showers (alternating hot and cold showers). To the authors’
knowledge, no studies have examined the recovery benefits
of contrast showers on athletic performance despite athletes
anecdotally using showers as a form of recovery.
The sport of netball is played worldwide with an
estimated 20 million participants and is characterized as
a fast moving team-sport placing high physical demands on
players through repeated jumps, lunges, and rapid acceler-
ations and decelerations (13,22). Furthermore, elite
Address correspondence to Dr. Jeremiah J. Peiffer, j.peiffer@murdoch.
Journal of Strength and Conditioning Research
Ó2014 National Strength and Conditioning Association
VOLUME 28 | NUMBER 8 | AUGUST 2014 | 2353
Copyright © National Strength and Conditioning Association Unauthorized reproduction of this article is prohibited.
netballers can be required to train or compete multiple times
per day in tournament style competitions resulting in large
demands placed upon the cardiovascular, metabolic,
immune, and musculoskeletal systems (13). For athletes to
cope with these demands, appropriate recovery is essential
which has led many teams to adopt some form of recovery
strategy. In a recent survey of New Zealand sporting teams,
100% of elite New Zealand netball teams reported using
contrast water therapy as their recovery modality of choice
(12). When coupled with the large travel commitments asso-
ciated with many elite netball teams, it is likely that the
development of alternative contrast water modalities is nec-
essary. The purpose of the present study was to examine the
influence of contrast showers and contrast water therapy on
recovery after a netball specific exercise circuit. The findings
could provide a viable alternative for coaches, athletes, and
strength and conditioning specialists who wish to use con-
trast water therapy as a recovery modality; yet, are limited
by available facilities.
Experimental Approach to the Problem
To determine the recovery benefits of contrast water therapy
and contrast showers in elite level netballers, this study
examined the influence of 3 recovery conditions (passive,
contrast water therapy, and contrast showers) on perfor-
mance (repeated agility), physiological variables (core and
skin temperature and heart rate), and perceptions of
effectiveness at 3 time points (acute, delayed, and 24 hours)
after a netball specific exercise circuit. Data collection was
conducted in a pragmatic manner because participants were
currently visiting our laboratory setting to complete a pre-
season training camp. Consequently, repeated agility was
selected as the only performance variable because of its use
within netball as a key performance test and its strong
association with the physical demands of the sport. The
study was conducted using a crossover design in which all
participants completed each of the 3 recovery conditions on
different days. The order of conditions was randomized for
each participant to avoid any order effects that could bias the
Ten elite female netball athletes (mean 6SD: age, 20 61
years [range, 18.5–20.7 years]; height, 1.82 60.05 m; body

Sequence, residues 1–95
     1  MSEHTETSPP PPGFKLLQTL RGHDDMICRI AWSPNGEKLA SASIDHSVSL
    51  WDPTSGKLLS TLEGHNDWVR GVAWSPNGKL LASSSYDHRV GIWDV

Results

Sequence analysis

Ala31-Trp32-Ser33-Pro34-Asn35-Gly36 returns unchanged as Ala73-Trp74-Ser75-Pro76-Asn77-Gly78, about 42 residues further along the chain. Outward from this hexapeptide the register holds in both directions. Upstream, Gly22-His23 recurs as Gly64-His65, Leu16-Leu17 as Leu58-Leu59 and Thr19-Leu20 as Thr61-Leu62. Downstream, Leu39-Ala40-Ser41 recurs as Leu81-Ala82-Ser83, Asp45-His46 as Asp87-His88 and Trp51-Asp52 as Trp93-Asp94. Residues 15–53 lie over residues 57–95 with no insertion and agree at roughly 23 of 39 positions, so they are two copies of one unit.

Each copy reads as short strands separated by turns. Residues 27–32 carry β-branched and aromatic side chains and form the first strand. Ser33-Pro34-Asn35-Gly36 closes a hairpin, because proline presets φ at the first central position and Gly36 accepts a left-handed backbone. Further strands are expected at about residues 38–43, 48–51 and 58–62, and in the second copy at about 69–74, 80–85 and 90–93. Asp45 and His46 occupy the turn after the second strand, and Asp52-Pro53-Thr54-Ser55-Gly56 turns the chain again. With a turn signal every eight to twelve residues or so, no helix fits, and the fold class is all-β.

mass, 77.0 69.3 kg) volunteered to participate in this study.
All participants were Australian representative netballers at
either under 19 or under 21 years of age and were in pre-
season training. The sample size selected for this study was
based on a sample of convenience because all participants
were attending the laboratory settings as part of a preseason
training camp. Before data collection, participants were pro-
vided with written documentation of the risks and benefits of
participation in the study and signed a document of
informed consent. Ethical approval was obtained from the
Murdoch University Human Ethics Committee (#2011/
015) and the Australian Institute of Sports Human Ethics
Committee (#20010206).
This study required participants to complete 5 separate
sessions: 2 familiarization sessions of the netball circuit to
limit any learning or training effects, and 3 experimental
testing sessions, during a 4-week period. All experimental
and familiarization sessions were conducted in controlled
conditions (indoor netball courts and recovery facilities),
separated by a minimum of 2 days and were completed at
a similar time of day (61 hour) to control for circadian
variability (23). Training workloads prescribed by coaching
staff were identical between sessions. Twenty-four hours
before testing, participants were asked to refrain from caf-
feine and alcohol consumption and to ingest a similar diet.
All participants were familiar with the performance test pro-
tocols and recovery techniques used in this study.
Six hours before the start of each experimental trial,
participants ingested a core temperature pill (CorTemp
courts, participants were fitted with a heart rate monitor (Heart
Rate Team Pack; Suunto, Vantaa, Finland) and skin tempera-
ture sensors (iButton; Embedded Data Systems, Lawrence-
calf and completed baseline psychometric measures. Partic-
ipants then commenced the exercise session (approximately at
08:45 hours) with a standardized 15-minute warm-up, which
consisted of running drills, dynamic stretches, and a series of
sprints and jumps. Immediately after the warm-up, participants
completed the baseline repeated agility test and commenced
the 15-minute simulated netball circuit. Immediately after the
simulated netball circuit, agility and psychometric measures